• 75% of individuals with behavioral health problems smoke cigarettes, as compared to 23% of the general 9) ___.
  • Half of all deaths from smoking occur among individuals with mental and substance use disorders.
  • New research (As of March 26, 2013) suggests that mental health may play a bigger role in whether a patient dies from heart disease or not. The study, published in the Journal of the American Heart Association, found that depression and anxiety considerably raise the risk of death in patients with heart disease.

 

Stroke and Race and Ethnicity

Stroke is among the five leading causes of death for people of all races and ethnicities. But the risk of having a stroke varies. Compared to whites, African Americans are at nearly twice the risk of having a first stroke. Hispanic Americans’ risk falls between the two. Moreover, African Americans and Hispanics are more likely to die following a stroke than are whites.

 

Stroke and Geography

The country’s highest death rates due to stroke are in the 10) ___ United States.

 

Americans at Risk

Approximately 49% of adults have at least one major risk factor for heart disease and stroke.

 

High blood pressure, high LDL cholesterol, and smoking are key risk factors for heart disease. About half of Americans (49%) have at least one of these three risk factors.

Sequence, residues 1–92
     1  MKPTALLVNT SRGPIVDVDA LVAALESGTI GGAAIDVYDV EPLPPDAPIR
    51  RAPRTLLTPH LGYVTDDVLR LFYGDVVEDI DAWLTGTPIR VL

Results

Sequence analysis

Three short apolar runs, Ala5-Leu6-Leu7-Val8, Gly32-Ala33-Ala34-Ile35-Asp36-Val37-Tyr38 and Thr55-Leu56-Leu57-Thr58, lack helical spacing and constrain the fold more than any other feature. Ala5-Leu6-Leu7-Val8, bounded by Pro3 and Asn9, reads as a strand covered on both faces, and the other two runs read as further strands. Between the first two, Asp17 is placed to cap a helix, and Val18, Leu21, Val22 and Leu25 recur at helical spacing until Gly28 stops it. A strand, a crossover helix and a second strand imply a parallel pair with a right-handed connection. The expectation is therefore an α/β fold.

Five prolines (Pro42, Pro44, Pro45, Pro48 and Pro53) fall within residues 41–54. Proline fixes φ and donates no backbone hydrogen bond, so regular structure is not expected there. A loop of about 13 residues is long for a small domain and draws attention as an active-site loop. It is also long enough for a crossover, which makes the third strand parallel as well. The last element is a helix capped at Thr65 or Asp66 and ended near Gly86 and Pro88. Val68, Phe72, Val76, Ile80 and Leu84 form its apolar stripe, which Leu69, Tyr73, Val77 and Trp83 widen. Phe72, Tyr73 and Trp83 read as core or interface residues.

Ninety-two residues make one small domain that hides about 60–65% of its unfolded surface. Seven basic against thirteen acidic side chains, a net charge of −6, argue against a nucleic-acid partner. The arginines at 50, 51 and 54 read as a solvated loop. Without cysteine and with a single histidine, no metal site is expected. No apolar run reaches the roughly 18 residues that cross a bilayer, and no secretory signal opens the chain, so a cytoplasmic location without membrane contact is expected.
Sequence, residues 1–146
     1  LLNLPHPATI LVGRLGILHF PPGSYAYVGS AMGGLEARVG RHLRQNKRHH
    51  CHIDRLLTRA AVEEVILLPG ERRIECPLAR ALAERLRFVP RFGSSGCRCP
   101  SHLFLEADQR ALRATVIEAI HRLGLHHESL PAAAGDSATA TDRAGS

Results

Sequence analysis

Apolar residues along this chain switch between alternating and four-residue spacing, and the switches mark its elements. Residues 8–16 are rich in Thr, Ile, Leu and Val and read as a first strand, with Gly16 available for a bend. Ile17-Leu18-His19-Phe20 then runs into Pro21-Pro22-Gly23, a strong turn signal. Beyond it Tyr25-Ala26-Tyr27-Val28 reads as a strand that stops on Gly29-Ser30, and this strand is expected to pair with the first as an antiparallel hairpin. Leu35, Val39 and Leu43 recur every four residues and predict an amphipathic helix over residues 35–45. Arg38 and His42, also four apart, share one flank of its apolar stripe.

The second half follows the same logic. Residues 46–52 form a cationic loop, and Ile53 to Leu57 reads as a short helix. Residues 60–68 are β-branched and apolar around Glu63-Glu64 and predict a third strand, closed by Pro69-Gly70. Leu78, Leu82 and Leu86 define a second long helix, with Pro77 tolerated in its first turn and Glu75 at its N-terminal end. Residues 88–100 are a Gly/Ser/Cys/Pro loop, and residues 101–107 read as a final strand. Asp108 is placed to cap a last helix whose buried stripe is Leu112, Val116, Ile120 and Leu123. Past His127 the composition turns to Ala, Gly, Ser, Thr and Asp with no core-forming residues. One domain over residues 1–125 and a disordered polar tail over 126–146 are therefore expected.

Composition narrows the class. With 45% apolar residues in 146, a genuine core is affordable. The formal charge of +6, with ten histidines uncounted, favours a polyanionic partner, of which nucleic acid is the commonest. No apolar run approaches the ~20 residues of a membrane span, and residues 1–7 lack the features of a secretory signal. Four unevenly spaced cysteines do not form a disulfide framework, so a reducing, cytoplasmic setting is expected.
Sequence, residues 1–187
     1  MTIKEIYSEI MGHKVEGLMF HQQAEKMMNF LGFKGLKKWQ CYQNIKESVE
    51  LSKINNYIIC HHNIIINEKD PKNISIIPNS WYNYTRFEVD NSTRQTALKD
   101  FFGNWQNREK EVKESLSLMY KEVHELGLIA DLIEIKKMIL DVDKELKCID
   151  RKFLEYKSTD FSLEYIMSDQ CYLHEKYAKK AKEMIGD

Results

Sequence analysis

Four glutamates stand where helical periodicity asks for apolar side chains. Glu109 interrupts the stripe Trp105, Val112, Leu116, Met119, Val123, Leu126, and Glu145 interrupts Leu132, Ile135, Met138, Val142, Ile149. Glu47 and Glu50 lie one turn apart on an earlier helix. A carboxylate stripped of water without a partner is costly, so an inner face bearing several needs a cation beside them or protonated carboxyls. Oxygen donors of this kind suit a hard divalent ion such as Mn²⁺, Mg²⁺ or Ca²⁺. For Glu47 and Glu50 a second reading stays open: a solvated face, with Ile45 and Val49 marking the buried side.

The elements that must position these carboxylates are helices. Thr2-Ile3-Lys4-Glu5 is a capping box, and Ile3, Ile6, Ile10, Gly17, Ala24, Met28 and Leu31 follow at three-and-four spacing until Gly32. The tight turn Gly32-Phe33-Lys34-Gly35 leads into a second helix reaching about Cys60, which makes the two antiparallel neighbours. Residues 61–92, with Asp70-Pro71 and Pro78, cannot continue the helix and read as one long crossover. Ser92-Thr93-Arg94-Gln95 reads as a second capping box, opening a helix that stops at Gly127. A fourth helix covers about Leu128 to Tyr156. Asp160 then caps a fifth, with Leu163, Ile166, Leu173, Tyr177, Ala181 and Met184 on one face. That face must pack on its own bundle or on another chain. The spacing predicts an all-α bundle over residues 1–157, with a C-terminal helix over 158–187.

Several other medical conditions and lifestyle choices can also put people at a higher risk for heart disease, including:

 

Risk Factors Percentage
Inactivity 39.5%
Obesity 33.9%
High Blood Pressure 30.5%
Cigarette Smoking 20.8%
High Cholesterol 15.6%
Diabetes 10.1%
Stress UNK

 

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Exercise 20-30 minutes each day. Control your blood pressure and diabetes. Take one baby aspirin a day, and get 8 hours of sleep each night.

 

Eat a Dean Ornish MD, diet or adaptation of his recommendations, stay fit longer and reduce your chances of developing heart disease.

 

Source: HHS – http://millionhearts.hhs.gov/abouthds/risk-factors.html

 

 

ANSWERS: 1) older; 2) stroke; 3) Heart; 4) earlier; 5) attack; 6) incomes; 7) food; 8) risk; 9) population; 10) southeastern

 

Dean Michael Ornish MD (1953 to present)

 

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He chaired the Google Health Advisory Council from 2007 through 2009.

 

 

Dean Michael Ornish (born July 16, 1953) is a physician and president and founder of the nonprofit Preventive Medicine Research Institute in Sausalito, California, as well as Clinical Professor of Medicine at the University of California, San Francisco. Dr. Ornish is a native of Dallas, Texas, and holds a Bachelor of Arts summa cum laude in Humanities from the University of Texas at Austin. He earned his M.D. from the Baylor College of Medicine, was a Clinical Fellow in Medicine at Harvard Medical School, and served a medical internship and residency at Massachusetts General Hospital (1981-1984).

 

Dr. Ornish is known for his lifestyle-driven approach to the control of coronary artery disease (CAD) and other chronic diseases. Beginning in 1977, he directed a series of clinical research studies proving for the first time that comprehensive lifestyle changes could not only stop the progression of CAD but could actually reverse it. These lifestyle changes included a whole foods, plant-based diet, smoking cessation, moderate exercise, stress management techniques including yoga and meditation, and psychosocial support. He has acknowledged his debt to Swami Satchidananda for helping him develop this holistic perspective on preventive health.**